The two right-wing parties in the Mexican congress have come together to promote a labor law “reform” that unions see as an effort to crush organized labor. Protests are being planned at the national and international level.

The right-wing government of President Felipe Calderon of the National Action Party has long been attempting to pass legislation to improve Mexico’s “competitiveness” by “flexibilizing” labor laws. On March 10, the Revolutionary Institutional Party, which ruled Mexico for 70 years before being ousted by National Action’s Vicente Fox in 2000, introduced essentially the same legislation.

The plan is to present the finished bill on April 18, right at the end of the current legislative session, and ram it through using the combined force of 388 PAN and PRI members of the lower house, the Chamber of Deputies, against the 87 votes of the left opposition: The Revolutionary Democratic, Labor and Convergence parties.

Institutional Revolutionary’s bill is also opposed by independent unions. Among other things, it restricts back payments to workers who have been unjustly fired to a year, though the resolution of such disputes may go on for 4 years or more.

In addition, it would make it much easier for companies to use small enterprises as fronts for massive “outsourcing” scams. It would permit management to do end runs around unions and negotiate different wages and working conditions from those in the collective bargaining contract with individual workers. It would legalize the existing practice of temporary and short-term labor contracts. It would control of hours and shifts away from the collective bargaining process and make it a prerogative of management only. It would virtually abolish minimum wage.

Another clause would severely restrict the rights of unions based in a single enterprise to affiliate with national labor organizations beyond their industry. The bill will make it harder to get legal strikes recognized as such.

A major feature of Mexican labor practices, criticized by the International Labor Organization, namely the right of the government to more or less arbitrarily deny recognition of elected union officials, will remain. This “toma de nota” prerogative has been used by the Calderon administration to attack independent miners and electricians’ unions.

Since the presidency General Lazaro Cardenas del Rio (1934-1940), Mexico has had enlightened labor laws, on paper. For example, it is supposed to be illegal in Mexico for management to bring in scabs to a struck union shop; in fact, the workers are supposed to be in charge of keeping the facilities shut. However, in practice, the close alignments of management, union leaders and the government, in a relationship reminiscent of Mussolini’s “corporate state,” has often meant that workers face united opposition from the employer, the government and the union when they try to stand up for better wages and working conditions. The new law would encourage this.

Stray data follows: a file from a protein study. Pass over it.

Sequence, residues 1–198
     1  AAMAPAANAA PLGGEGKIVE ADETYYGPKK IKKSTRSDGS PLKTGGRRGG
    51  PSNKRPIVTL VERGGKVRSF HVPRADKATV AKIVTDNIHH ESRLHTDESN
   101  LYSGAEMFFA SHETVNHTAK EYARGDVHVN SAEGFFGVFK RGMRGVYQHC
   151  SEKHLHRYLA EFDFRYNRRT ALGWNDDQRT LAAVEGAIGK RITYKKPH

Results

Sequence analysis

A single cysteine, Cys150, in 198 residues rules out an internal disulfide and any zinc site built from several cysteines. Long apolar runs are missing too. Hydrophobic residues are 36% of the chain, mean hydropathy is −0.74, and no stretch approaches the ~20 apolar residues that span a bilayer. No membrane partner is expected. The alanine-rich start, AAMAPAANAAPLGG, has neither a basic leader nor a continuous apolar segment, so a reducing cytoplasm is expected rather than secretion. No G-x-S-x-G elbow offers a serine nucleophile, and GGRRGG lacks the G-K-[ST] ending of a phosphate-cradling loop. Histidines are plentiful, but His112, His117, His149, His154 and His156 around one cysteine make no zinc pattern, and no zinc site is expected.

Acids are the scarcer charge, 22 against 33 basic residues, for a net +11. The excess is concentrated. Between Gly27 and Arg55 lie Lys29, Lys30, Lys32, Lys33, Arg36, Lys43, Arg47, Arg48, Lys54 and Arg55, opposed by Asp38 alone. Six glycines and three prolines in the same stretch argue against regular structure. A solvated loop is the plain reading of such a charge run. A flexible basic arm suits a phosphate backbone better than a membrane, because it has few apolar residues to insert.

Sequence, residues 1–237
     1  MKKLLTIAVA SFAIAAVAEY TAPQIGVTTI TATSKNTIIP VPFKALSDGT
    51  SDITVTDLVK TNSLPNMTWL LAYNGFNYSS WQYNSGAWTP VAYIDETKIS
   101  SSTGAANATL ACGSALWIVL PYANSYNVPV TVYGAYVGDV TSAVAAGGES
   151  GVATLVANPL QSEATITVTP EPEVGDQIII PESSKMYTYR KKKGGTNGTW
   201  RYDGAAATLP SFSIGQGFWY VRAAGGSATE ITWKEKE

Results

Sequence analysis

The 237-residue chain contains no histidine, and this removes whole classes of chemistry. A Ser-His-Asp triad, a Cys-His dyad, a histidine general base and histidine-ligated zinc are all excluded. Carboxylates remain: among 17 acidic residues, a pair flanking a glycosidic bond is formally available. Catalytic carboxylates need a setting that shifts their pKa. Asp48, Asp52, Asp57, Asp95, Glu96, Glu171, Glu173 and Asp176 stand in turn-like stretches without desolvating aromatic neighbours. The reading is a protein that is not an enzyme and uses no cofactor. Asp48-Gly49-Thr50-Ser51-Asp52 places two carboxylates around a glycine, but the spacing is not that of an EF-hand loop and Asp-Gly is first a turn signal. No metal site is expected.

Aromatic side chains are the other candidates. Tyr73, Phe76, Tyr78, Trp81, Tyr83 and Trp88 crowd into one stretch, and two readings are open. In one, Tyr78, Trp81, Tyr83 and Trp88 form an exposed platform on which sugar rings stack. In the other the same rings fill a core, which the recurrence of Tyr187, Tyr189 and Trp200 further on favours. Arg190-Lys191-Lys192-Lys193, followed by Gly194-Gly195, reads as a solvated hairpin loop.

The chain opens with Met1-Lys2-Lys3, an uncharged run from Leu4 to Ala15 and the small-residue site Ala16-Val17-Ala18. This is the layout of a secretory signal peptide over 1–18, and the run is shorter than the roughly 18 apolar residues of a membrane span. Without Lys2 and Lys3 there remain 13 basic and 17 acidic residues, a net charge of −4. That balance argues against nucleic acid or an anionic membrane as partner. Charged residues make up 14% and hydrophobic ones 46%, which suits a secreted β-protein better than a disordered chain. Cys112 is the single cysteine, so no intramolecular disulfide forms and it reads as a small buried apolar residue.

The government seems determined to crush any independent, non-“corporativist” unions. It has been waging virtual war against the independent Mine and Metal Workers’ Union, and against the Mexican Electricians Union for several years.

Methods used to crush independent unions and unionization efforts include arbitrary refusal by the government to recognize results of union elections, threats, false arrests and use of police to take over unionized facilities, as well as the employment of violent thugs, with government connivance.

So labor opposition to the proposed law comes mostly from these embattled unions and other independent unions and federations, such as the Telephone Workers Union, the Authentic Federation of Workers and the National Workers Union. They are now getting international support, especially from the International Metalworkers Federation, which is circulating a petition internationally. U.S. unions, including the United Electrical Workers and the United Steelworkers, have denounced the proposed new law.

The Revolutionary Democrats’ 2006 presidential candidate, Andres Manuel Lopez Obrador, who accuses the government of wanting to “crucify” workers during Easter season, has started a national campaign to rally opposition to the labor law “reform”, via the MORENA alliance of the left wing of his party with the two other left parties in congress, the Labor and Convergence.

President Calderon is a fanatical and reactionary free trader who appears to believe that strong unions are an obstacle to foreign investment in Mexico, and intends to make a maximum effort to get the legislation passed. The legislative odds are heavily weighted in his favor, so street heat is being mobilized to stop him. U.S. workers, say the labor leaders, need to rally to the support of their Mexican brothers and sisters.


Emile Schepers
Emile Schepers

Emile Schepers is a veteran civil and immigrant rights activist. Born in South Africa, he has a doctorate in cultural anthropology from Northwestern University. He is active in the struggle for immigrant rights, in solidarity with the Cuban Revolution and a number of other issues. He writes from Northern Virginia.